The EFM Feature

Reader Michael writes in:

There has been a lot of press lately concerning a speech Gov. Romney is contemplating making regarding his faith vis a vie his political life i.e.,2933,291104,00.html I tend to agree with the boys over at Article VI, that such a speech would serve no purpose other than to provide fodder for Mitt’s opponents. Those who won’t vote for a Mormon under any circumstance won’t be swayed by such a speech and would use it to try and show contradictions and inconsistencies, and those who don’t care about his faith wouldn’t need to hear such a speech anyway. Mitt has already expressed his belief structure and articulated his values numerous times, what more needs to be said?…Is John over at Article VI the only Evangelical blogger who thinks this way? What say you?

Well, you asked, so here’s one man’s opinion–and of course I invite our co-bloggers to chime in.
I actually disagree with Michael and the guys over at Article VI, not because I don’t respect and appreciate them–I do–but because we operate under some different sets of assumptions. Let me try to explain those.
1. I don’t think it’s fundamentally out-of-bounds to consider a candidate’s religion, but I believe our friends at Article VI do. The Gospel is an incredibly serious thing, and while I don’t think that having a President Romney would serve to confuse it, I don’t think it’s “bigotry” that many evangelicals want to think and pray their way through that issue (as I did) before deciding to support him. I also don’t think it makes them bigots if they make a different decision than I did–although I do think they are wrong in a big way. I’m also not ashamed to say that while I do think Governor Romney is unquestionably the best choice for president, I’d like him even more if he were a conservative Presbyterian, Episcopalian, or Southern Baptist. I don’t think that’s because I’m a bigot; it’s because I think my religion is true and the rest are not. That’s why I believe it. (Note the word “conservative,” as it’s not at all clear to me that Mormon doctrine is any further from what I believe than praying to “mother Jesus,” as the liberal leader of the U.S. Episcopal Church has, or replacing “Father, Son, and Holy Spirit” with “Rainbow, Ark and Dove,” as some liberal Presbyterians urge.)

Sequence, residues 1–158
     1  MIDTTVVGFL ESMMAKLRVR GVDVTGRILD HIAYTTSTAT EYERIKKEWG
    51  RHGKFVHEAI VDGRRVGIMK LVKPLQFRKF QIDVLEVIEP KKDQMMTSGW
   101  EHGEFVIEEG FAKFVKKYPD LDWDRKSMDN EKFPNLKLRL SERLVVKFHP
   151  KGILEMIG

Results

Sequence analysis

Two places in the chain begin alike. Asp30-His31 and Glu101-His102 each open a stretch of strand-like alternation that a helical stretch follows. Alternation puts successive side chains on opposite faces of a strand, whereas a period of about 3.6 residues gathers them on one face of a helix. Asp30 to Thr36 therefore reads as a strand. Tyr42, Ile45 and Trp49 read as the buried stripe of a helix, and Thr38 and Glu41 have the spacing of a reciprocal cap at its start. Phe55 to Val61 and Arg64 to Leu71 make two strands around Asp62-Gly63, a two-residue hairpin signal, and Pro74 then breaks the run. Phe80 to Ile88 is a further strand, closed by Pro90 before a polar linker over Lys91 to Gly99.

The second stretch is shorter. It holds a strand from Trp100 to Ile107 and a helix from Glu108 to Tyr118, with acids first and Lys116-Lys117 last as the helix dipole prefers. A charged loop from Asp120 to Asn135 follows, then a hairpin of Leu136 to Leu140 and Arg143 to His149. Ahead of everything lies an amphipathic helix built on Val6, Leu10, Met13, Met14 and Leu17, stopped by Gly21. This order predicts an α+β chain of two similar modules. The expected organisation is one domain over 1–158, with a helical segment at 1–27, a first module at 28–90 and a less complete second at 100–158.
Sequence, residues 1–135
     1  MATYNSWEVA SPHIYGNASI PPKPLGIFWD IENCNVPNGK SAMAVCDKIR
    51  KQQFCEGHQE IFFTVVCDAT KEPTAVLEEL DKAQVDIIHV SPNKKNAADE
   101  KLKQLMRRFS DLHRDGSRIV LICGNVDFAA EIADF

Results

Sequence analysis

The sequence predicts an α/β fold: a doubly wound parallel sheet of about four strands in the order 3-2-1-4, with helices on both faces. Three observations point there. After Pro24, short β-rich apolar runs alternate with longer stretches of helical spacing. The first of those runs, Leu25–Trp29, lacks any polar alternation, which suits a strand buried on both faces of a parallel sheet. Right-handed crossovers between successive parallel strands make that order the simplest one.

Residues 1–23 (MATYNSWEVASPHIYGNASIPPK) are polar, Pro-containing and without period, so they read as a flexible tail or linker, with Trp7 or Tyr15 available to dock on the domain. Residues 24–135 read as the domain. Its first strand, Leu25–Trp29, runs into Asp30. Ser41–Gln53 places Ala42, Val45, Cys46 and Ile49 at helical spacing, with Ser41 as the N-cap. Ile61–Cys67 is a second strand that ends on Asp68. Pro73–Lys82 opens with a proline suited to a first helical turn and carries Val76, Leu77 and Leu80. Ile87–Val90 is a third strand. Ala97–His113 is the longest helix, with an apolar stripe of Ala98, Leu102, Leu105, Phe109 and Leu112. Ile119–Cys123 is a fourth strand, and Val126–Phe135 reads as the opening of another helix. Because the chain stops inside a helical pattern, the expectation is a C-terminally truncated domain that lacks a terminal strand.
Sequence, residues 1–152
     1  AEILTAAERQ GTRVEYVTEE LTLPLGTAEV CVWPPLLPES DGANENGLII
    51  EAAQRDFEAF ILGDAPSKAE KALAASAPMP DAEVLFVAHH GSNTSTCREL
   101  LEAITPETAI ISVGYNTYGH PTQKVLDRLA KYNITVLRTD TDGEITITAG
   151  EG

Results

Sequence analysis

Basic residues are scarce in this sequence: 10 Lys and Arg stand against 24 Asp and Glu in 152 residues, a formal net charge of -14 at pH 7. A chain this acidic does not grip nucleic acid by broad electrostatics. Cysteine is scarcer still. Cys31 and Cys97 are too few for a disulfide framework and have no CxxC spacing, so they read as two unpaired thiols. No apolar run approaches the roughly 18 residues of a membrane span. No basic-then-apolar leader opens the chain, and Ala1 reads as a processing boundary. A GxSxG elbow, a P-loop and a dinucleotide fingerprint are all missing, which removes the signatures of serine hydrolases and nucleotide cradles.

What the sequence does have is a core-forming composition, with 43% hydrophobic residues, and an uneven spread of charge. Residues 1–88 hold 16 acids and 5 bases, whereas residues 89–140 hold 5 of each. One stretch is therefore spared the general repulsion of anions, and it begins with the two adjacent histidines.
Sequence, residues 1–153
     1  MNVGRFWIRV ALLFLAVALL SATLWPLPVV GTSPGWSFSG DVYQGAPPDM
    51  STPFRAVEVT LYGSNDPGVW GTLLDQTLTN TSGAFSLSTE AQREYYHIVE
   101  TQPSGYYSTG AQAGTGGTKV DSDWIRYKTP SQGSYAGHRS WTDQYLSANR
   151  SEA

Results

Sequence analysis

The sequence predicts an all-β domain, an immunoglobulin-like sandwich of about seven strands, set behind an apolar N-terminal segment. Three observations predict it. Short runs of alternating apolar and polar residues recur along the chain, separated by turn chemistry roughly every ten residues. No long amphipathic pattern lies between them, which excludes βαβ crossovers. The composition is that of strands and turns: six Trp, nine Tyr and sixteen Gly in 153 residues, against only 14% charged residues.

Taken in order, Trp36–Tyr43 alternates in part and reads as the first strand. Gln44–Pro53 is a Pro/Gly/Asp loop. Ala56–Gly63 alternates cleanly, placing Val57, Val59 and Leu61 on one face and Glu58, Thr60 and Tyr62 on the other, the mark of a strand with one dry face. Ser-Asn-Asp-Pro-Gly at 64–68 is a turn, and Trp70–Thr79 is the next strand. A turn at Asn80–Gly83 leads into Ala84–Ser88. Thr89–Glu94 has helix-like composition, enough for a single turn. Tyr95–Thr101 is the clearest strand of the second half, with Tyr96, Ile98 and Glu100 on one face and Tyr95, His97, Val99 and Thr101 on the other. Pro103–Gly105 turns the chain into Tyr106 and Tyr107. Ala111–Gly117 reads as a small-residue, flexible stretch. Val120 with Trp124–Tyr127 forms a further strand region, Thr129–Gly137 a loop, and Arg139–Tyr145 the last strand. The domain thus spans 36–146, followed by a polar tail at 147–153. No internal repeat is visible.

2. I don’t think the target audience of “The Mormon Speech” would be, as Michael puts it, “[t]hose who won’t vote for a Mormon under any circumstance” or “those who don’t care about his faith.” I happen to believe that there are a lot of well-meaning evangelicals out there who are concerned but persuadable–not so much about whether to elect “a Mormon” as president, as the polls always ask, but about electing this particular man as president. And the reason I believe that is because I’ve seen many such folks go from skeptic to supporter after being introduced to this man, the values he holds (which they hold too), and the way he expresses them–which has nothing to do with being a Mormon evangelist and everything to do with being a superb leader who shares conservative evangelicals’ values and is savvy enough (unlike too many of our present leaders) to translate those beliefs into action.
On the basis of these differing assumptions, I do think “The Mormon Speech” would be a good idea.
And there’s another reason–which is the current confusion over what “The Mormon Speech” is supposed to be. Many compare it to the speech President Kennedy made in 1960, but that’s not the kind of speech Governor Romney has to make. Read it. President Kennedy doesn’t just say that he won’t take orders from Rome–as, clearly, Governor Romney wouldn’t take orders from Salt Lake. He basically said his “private” religious beliefs didn’t inform his public conduct–and therefore they had nothing to do with the presidential race. (If you know anything about his personal life, it doesn’t seem they informed that very much either.) Well, that’s not what Governor Romney believes–or what conservative evangelicals want to hear. They don’t want more gobbeldygook about how the separation of church and state means your faith can’t inform your vote–or, as President Kennedy said(!), that religious schools shouldn’t receive state funds. They want to hear how Governor Romney’s faith has informed his political values in ways similar to how our faith has informed ours–which it has–and why the areas where we differ, such as our view of the Trinity, have nothing to do with the presidency.
I think that’s a good message and one that will, in the end, win many–though not all–evangelical hearts. If I didn’t, I wouldn’t be spending so much of my Saturdays saying essentially the same thing.

About Charles Mitchell

EFM's resident Yankee, Charles Mitchell, works in the non-profit arena in his native Pennsylvania. He and his wife, Charissa, live near the state capital of Harrisburg with their daughter, Adeline, and are members of a congregation of the Presbyterian Church in America.

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